Sprinting up the ridge I was constantly checking to see how much further I had left to go, trying to calculate if I would make it to the summit and back down in time to find the car. After a while I decided I should just dedicate myself to reaching the peak no matter how late it got, I took my watch off and stuffed it in my pocket and kept up my burning pace. I ditched the helmet I'd brought and my extra jug of water to shed some weight.
The peak kept up to its old tricks, moving further and further away, this time as I approached on foot. As always, what looks like an easy jaunt up a nothing hill turns out to be a death march up a mounatin that felt like it was growing bigger and bigger underneath me. I weaved up boulders and thornbush on a 60 degree incline, occasionally sparking a rock slide but nothing ever serious. I never stopped to eat or rest for more than 2 minutes, eating and drinking on the run. Heat and solitude played the same 20 seconds of a song on repeat over and over in my head all the way up and I couldn't wait to wash them out of my head with something new once I got back to the car radio. During moments of lucidity I took a look around me and smiled at where I was, tromping up a very beautiful very inconvenient piece of the Earth, where only mountain lions and bighorn sheep bother to walk. It refilled my heart with enough gasoline to blast up a dozen Villager Peaks.
During last 1000 feet before the summit an old toothache kicked in with the altitude and colder air (below 5000 ft and above 8 or 9000 ft my tooth is fine, weird), blind with pain and out of breath I finally hit the summit. I stayed just long enough to carve my name in the register with a pen that didn't work, and I took only one picture with the camera on timer and hoped that I would come out in it. I had a glance at a sliver of the Salton Sea on the other side of the peak but couldn't make myself care enough to spend 5 extra minutes hiking to a good viewpoint, by now my toothache didn't even let me walk straight. My tooth blowing up trains inside my head, and my small hope for making it back down the mountain before dark, I just needed to get back down as fast as I could.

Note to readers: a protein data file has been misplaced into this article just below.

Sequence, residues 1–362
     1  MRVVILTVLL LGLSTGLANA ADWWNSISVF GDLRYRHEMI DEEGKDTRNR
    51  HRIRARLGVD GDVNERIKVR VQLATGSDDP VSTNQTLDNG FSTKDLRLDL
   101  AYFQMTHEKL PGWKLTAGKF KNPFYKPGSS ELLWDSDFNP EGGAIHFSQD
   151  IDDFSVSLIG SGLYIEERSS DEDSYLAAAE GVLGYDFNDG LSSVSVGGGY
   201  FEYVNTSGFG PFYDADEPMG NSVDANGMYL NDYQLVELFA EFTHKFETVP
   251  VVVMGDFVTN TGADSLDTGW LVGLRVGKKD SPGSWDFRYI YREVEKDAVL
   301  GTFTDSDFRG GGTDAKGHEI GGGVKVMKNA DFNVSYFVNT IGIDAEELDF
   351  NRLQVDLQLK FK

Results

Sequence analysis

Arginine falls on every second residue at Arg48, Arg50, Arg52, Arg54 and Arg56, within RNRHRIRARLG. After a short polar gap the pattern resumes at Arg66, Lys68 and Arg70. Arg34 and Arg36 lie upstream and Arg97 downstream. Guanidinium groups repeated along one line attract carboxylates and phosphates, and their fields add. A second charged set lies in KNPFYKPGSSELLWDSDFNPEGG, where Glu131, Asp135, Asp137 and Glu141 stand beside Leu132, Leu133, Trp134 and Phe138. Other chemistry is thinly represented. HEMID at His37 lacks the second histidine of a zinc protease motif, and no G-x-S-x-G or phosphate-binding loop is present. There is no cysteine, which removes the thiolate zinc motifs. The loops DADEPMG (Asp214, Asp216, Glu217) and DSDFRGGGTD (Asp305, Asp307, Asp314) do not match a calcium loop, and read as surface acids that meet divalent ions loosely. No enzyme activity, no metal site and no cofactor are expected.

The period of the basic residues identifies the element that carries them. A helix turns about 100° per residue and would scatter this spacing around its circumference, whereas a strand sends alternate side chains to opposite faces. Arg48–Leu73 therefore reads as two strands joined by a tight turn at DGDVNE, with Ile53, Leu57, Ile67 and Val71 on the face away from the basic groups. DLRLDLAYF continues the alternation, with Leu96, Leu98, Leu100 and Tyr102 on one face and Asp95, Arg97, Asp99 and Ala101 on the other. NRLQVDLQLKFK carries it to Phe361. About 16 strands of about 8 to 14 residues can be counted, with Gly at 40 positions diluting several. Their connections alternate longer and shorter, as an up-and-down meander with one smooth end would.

In my rush down I made my descent following a different set of ridges, and several times I ended up slipping into some loose rock slides and had to backtrack onto one of the main ridges. I never found my helmet or extra water so I began saving my drink for when it would be dark. I also started a lot more serious rock slides on my way down, after every one I would sober up and concentrate on better steps. Better to make it down late and in one piece than battered and dashed on a bunch of boulders and cactuses. I came to terms with having to suffer a much slower and laborous descent in the dark and dedicated myself to slower smarter footwork. It did get dark before I was off the peak, but my salvation I suddenly saw a half dozen campfires starting up around an oasis at the edge of the dry lake bed. I headed staright for it.